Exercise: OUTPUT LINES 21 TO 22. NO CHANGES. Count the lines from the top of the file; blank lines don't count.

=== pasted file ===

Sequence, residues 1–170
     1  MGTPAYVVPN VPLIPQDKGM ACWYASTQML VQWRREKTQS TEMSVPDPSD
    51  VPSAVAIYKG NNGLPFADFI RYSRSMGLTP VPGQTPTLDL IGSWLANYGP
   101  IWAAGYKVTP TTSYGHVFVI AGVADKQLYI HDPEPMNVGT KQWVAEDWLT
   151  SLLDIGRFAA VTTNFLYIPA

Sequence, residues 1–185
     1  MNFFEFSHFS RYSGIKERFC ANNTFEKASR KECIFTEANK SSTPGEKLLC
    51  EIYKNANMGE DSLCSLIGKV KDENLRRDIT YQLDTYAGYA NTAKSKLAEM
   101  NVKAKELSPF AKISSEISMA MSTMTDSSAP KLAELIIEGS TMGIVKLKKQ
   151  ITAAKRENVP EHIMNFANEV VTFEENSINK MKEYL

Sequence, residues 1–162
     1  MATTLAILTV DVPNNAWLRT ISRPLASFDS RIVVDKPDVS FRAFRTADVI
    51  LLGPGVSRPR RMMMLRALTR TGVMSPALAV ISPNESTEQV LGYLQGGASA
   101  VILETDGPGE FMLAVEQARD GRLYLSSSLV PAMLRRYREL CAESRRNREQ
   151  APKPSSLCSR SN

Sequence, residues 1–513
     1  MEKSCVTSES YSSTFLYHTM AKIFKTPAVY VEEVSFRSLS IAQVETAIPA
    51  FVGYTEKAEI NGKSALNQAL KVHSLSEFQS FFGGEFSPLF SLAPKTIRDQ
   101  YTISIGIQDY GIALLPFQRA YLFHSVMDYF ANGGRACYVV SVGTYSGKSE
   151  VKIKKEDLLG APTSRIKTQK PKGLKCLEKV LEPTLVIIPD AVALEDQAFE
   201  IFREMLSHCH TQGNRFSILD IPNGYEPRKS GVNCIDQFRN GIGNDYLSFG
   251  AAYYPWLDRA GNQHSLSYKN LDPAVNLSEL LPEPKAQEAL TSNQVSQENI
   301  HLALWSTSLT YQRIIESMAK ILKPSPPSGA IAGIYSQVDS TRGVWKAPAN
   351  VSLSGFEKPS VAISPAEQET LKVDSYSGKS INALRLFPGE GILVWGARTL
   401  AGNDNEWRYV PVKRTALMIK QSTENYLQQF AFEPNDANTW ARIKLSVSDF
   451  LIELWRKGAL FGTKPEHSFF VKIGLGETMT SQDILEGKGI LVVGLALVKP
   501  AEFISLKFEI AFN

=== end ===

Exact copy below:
   201  IFREMLSHCH TQGNRFSILD IPNGYEPRKS GVNCIDQFRN GIGNDYLSFG
   251  AAYYPWLDRA GNQHSLSYKN LDPAVNLSEL LPEPKAQEAL TSNQVSQENI